The results of these tests were disappointing.
Of the 74 models that were tested, 25 vehicle models received just a basic rating while 36 other models had systems that did not meet the criteria set by the institute or the National Highway Traffic Safety Administration.
This week, though, the IIHS held a new series of tests. This time, redemption was in the air, and there was a considerable amount of improvement. Of the 24 vehicles tested, 21 received either the highest rating of Superior or a medium grade of Advanced. Why the rapid turn around? Well, it can be contributed to companies focusing on two key categories: forward collision warning and front crash mitigation or prevention with autobrake.
Uhmmm… What exactly is that again?
- Forward collision warning alerts a driver when the system detects that the vehicle is about to crash into the vehicle in front. Oftentimes, this monitoring is done through either radar or a series of cameras that scan the road as the vehicle’s computer calculates the closing rate.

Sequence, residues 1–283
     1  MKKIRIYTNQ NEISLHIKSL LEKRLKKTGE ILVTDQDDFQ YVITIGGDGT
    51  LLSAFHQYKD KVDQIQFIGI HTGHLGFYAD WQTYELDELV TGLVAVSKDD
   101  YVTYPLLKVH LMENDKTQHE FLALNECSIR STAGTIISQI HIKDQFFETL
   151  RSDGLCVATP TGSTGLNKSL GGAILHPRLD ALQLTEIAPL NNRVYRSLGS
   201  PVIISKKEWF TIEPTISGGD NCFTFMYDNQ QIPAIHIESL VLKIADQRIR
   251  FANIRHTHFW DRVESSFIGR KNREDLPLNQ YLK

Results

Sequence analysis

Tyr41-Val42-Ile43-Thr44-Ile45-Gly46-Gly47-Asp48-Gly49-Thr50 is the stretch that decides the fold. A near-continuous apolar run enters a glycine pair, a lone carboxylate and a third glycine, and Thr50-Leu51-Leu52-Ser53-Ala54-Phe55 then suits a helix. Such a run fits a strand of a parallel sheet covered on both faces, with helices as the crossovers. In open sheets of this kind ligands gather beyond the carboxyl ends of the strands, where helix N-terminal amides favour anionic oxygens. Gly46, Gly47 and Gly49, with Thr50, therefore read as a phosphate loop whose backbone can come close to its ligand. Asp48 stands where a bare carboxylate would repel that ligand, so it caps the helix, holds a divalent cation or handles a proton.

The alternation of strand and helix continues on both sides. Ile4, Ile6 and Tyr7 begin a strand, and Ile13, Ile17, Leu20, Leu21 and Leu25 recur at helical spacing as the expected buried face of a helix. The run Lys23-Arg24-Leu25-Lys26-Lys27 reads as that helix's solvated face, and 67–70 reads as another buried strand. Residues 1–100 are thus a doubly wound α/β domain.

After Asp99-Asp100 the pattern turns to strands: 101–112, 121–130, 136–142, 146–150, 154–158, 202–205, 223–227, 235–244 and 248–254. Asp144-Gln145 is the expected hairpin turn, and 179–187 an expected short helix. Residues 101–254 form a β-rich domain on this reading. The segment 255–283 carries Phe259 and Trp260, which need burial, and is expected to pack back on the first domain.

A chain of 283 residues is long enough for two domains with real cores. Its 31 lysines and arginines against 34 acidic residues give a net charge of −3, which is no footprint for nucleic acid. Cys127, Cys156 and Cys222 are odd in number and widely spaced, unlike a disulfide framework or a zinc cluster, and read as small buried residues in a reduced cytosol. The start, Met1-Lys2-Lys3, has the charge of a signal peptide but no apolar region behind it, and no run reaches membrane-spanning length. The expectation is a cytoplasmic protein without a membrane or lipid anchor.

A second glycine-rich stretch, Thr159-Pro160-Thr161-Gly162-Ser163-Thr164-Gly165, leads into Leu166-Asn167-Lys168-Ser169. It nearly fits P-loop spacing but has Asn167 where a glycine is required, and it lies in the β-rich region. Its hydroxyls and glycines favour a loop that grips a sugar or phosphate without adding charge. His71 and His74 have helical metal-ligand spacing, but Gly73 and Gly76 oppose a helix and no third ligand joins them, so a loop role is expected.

- Autobrake systems are typically paired with forward collision warnings. Autobrake systems can slow down or completely stop the car to avoid some front-to-rear crashes if its driver doesn’t brake or steer out of the way in response to a warning.
For the current ratings, vehicles received a Superior rating if their automatic braking could prevent an unexpected accident or reduce the vehicle’s speed by ten mph when traveling at 25 mph.The Institute awarded four models with a completely perfect score in these tests. The vehicle models were:
The BMW X5
The 2015 Hyundai Genesis
The Mercedes-Benz E-Class
Most of the vehicles tested in this series were large family cars and large luxury cars, but there is more testing expected soon. According to the IIHS, approximately 20% of current vehicles offer front end collision systems. It’s a number that is surely to rise in upcoming years, especially considering that it is believed that front end collision systems can reduce accidents by approximately 14%